Examples of a sublimation process are Naphthalene is, an organic compound which sublimes at a temperature of 176F. The dry ice (the ice) is one of the great examples of the process which directly changes from a solid state to a gaseous state.

sublimation 2

What is Evaporation?

The process of Evaporation can be defined as the process of change of the state of liquid into the state of the gas. The evaporation process occurs below the level at which the substance boils.

Or in simple words, evaporation, in general, is known as the process of liquid water to water vapour in the atmosphere. It is the major source of replenishing the humidity in the air from the sea and vegetation. 

Evaporation is part of an exchange of energy in the atmosphere, which helps in maintaining the weather and climate. The difference between evaporating surface, air, relative humidity, and wind are the factors on which the evaporation of a substance depends. 

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Evaporation has many applications used in varied industries and some of which are listed below:

  • Indian porous clay pots called Matki/Matka use the process of evaporation to cool water.
  • Clothes get dry up when hanging up on the laundry line, even when the temperature is low. This is done because the clothes dryer blows warm air and dries the clothes.
  • The process is used to dry or concentrate the samples in spectroscopy, chromatography, etc. 
  • It helps in the printing and coating process, and salts can be recovered from the solution, etc.

Main Differences Between Sublimation and Evaporation

  1. Sublimation is the process in which the solid state of matter changes directly into the gaseous state of matter and vice versa (there is no existence of a liquid state), while on the other hand, Evaporation is the process in which the liquid state of matter changes into the gaseous state of matter. 
  2. In the Sublimation process, the initial phase of the matter is the solid phase, while on the other hand, in the Evaporation process, the initial phase of the matter is the liquid phase. 
  3. In the process of Sublimation, it gives the amount of energy required for the sublimation, while on the other hand, during the process of evaporation, it gives the enthalpy which is required for the evaporation.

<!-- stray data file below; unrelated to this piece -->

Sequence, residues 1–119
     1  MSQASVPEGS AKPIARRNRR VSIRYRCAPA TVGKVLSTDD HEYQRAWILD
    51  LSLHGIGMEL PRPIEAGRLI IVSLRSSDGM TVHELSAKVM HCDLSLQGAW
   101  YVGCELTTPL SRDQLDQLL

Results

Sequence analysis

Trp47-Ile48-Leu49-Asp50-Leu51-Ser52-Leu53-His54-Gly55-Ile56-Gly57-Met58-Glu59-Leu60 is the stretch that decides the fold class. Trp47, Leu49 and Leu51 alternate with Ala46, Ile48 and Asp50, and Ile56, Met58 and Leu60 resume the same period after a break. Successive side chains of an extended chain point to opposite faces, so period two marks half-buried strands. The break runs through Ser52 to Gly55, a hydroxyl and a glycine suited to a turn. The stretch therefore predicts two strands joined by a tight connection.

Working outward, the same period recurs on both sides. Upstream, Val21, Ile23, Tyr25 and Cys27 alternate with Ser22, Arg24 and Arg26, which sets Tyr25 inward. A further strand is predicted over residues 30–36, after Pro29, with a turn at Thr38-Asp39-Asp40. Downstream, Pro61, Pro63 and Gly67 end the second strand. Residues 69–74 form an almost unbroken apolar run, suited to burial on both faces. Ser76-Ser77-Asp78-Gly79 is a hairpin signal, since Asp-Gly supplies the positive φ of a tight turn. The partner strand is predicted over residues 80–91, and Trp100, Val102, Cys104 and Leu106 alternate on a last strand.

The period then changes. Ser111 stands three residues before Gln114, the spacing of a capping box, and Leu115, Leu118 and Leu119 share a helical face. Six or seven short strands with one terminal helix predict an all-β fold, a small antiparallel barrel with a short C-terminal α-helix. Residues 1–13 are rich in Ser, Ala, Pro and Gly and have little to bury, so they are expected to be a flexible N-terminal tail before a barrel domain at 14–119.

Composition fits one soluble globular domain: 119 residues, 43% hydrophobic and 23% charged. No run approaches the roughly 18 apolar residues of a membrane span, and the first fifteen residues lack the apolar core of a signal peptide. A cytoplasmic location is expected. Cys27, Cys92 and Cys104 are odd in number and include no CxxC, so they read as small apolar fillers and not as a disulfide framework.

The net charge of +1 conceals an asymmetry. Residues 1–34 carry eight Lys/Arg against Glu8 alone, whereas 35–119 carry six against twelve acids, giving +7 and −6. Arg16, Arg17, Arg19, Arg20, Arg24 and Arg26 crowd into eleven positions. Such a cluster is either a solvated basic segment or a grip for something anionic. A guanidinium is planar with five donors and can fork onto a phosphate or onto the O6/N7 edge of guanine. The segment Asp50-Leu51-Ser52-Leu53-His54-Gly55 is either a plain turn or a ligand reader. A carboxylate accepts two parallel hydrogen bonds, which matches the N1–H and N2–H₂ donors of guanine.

4. In the sublimation process, the phase changes from solid to gas (no liquid phase), while on the other hand, in the evaporation process, the phase changes from liquid to gas.
  5. Sublimation processes occur at low pressure and temperature below the triple point of the substance, while on the other hand, evaporation occurs on the surface of the liquid.
  6. An example of the Sublimation process is naphthalene, while an example of the Evaporation process is changing of water (liquid phase) into water vapour. 
Difference Between Sublimation and Evaporation



Last Updated : 21 July, 2023

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19 thoughts on “Sublimation vs Evaporation: Difference and Comparison”

  1. The comparison table is very informative, it clearly outlines the differences between sublimation and evaporation.

  2. The clear distinction between sublimation and evaporation processes is very helpful for understanding their individual characteristics and applications.

  3. The information about sublimation and evaporation is very well explained. The examples given are very helpful to understand the concepts better.

  4. The examples and applications of both sublimation and evaporation are enlightening and add practical context to the theoretical knowledge.

    • The practical applications make it easier to understand the significance of sublimation and evaporation in real-world scenarios.

  5. The information provided makes it easier to differentiate between sublimation and evaporation, giving a clear understanding of each process.